Landline follows the story of two sisters, Slate’s Dana and Abby Quinn’s Ali, processing the dissolution of their parents’ marriage in different, sometimes destructive ways. In Dana’s case, she begins cheating on her doting fiancé, at one point wondering with heartbreaking, relatable panic, “Is there some other person I’m supposed to be?”
“Long-term relationships are the goal for many people, and they are a wonderful thing,” Slate says, when I ask about her connection to Dana’s relationship-induced existential crisis. “But they also require constant action and a constant curiosity and question-asking.”
Talking to Slate, even in the environment of an actor-on-a-press-tour interview, can feel like a therapy session. She speaks wisely, and always from a place of her own experience and what she’s learned from it.
In this case, she is speaking as a woman whose three-year marriage to editor-director Dean Fleischer-Camp, her collaborator on Marcel the Shell With Shoes On, ended in 2016. Then, too, there’s her very public courtship with Chris Evans that ended after 10 months in February.
“Sometimes there’s the sense that if you committed to someone for life, you’ve sold them on an idea of your identity and your main work is going to be preserving that identity so that you don’t give them a false deal,” she says.
“That is really counter to what the human experience often is, and it’s counter to the feeling of growth that we all need to enjoy our lives and not start to feel stifled,” she continues. “I’m very tuned in to the ways I’m allowed to change and grow, and I try to keep people in my life who will allow me to grow with them.”
Slate, of course, isn’t slighting Fleischer-Camp or Evans in that statement. She’s been outspoken about the ways in which her relationships with both were largely healthy, beautiful things. It actually turns out that when Slate and I first sat down over that whiskey at the Sundance Film Festival, her divorce from Fleischer-Camp had just gone through.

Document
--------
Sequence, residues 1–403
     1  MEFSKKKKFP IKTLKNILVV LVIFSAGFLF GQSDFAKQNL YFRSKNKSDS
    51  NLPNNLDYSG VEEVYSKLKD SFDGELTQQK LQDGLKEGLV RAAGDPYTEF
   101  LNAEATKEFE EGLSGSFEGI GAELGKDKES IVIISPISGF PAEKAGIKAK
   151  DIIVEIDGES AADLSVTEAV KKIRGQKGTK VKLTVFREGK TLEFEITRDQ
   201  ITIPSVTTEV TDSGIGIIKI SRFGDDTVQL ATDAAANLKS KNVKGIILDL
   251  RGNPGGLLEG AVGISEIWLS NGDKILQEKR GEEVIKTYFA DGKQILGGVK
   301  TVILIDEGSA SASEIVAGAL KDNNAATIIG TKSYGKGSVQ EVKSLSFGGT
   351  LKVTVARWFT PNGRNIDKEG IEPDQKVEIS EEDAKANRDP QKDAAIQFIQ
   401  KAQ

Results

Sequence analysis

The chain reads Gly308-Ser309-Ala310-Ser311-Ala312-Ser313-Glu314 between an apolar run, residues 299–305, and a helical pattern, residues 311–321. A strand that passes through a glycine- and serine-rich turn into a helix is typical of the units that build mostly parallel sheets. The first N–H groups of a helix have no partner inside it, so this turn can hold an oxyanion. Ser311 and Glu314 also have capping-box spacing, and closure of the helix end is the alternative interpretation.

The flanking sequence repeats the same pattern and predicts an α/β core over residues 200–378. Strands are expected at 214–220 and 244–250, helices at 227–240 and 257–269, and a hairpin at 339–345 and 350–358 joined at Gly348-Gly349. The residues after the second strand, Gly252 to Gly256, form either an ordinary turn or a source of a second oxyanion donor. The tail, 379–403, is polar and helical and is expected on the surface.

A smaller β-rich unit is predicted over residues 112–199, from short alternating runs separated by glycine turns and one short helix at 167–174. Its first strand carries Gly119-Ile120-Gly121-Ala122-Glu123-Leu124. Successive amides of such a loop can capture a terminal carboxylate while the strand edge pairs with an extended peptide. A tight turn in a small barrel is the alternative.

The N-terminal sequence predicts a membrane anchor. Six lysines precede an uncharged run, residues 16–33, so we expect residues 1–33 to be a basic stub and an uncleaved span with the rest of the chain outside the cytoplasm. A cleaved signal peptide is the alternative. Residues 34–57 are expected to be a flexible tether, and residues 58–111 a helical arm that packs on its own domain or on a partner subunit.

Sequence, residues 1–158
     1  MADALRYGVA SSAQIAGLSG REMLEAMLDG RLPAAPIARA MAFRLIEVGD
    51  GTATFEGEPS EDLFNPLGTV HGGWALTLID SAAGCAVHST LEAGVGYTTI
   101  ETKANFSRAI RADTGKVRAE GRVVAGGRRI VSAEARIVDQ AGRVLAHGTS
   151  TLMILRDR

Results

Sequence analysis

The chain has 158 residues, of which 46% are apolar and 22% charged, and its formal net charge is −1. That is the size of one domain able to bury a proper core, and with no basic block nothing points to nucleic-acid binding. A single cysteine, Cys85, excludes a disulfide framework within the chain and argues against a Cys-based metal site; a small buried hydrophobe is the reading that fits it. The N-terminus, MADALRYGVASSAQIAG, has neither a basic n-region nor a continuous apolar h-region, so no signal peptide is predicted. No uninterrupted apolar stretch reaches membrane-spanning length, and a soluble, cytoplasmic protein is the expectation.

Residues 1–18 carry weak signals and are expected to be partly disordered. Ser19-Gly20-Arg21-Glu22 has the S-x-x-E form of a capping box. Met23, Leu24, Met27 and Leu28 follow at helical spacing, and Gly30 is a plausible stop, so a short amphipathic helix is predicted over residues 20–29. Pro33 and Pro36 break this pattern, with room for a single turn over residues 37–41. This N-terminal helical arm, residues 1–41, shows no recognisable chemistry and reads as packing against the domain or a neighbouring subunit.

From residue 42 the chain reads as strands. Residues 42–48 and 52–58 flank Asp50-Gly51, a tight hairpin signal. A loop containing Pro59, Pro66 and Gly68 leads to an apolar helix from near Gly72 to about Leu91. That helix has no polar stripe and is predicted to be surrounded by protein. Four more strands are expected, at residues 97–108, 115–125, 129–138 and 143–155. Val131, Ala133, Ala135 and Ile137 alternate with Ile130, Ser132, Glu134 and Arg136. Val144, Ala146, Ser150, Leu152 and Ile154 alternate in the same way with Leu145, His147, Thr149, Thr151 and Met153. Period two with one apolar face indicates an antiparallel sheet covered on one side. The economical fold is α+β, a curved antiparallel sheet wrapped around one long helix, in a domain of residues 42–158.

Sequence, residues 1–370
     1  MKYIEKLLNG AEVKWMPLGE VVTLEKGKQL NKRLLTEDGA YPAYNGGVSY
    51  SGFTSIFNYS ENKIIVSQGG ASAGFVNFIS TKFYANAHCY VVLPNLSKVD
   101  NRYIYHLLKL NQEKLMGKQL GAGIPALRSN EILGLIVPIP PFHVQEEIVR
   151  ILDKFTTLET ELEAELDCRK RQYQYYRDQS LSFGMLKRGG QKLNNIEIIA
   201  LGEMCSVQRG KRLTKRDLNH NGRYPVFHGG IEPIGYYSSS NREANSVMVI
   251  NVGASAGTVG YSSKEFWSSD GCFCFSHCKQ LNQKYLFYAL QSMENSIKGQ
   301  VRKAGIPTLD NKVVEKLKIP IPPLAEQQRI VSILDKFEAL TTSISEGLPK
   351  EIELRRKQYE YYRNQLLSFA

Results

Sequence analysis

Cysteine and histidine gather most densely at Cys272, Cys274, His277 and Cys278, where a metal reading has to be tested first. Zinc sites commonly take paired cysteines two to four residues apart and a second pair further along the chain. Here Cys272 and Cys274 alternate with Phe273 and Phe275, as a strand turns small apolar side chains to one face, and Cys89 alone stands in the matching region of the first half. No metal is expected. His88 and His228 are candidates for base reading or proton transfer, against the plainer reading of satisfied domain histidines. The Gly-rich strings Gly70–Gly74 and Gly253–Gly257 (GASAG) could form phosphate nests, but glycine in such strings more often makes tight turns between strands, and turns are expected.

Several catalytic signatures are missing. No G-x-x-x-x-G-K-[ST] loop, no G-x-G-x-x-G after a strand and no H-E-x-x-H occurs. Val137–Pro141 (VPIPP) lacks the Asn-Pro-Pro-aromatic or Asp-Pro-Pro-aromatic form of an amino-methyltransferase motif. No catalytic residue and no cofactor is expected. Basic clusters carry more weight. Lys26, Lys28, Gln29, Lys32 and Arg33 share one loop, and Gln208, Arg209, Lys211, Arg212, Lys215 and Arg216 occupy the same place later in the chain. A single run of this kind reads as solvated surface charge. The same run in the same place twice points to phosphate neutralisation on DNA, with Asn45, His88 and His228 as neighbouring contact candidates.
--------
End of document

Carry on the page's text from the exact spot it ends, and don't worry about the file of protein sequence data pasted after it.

In hindsight, that timing makes our discussion of Dana’s infidelity and how she feels about it all the more poignant: “For Dana to say, ‘I’m begging you to love me again. Please don’t define me by that stone I threw, but please understand why I threw it…’ You can ask that, and someone can say no and then you have to deal with the pain. But it’s worth it.”
The Superhero and the Mouse
No one describes Slate’s life more colorfully than Slate herself.
When I once asked her what her dreams are, she gave a response better than I could have imagined: “I hope that the restaurant I go to will have buffalo chicken fingers. I hope that one day I can work with Matt Damon. I have big and little dreams and they’re all equally important to me. A life without buffalo chicken fingers, I don’t know if I would want that life. Even if it meant I got to work with Matt Damon. Everything has its worth.”
And here she is describing the unusual/adorable dynamic between herself and Evans to New York magazine earlier this year: “We used to talk about what kinds of animals we were. Chris said it’s like I’m a chick riding on a St. Bernard’s head. We’re an odd match.”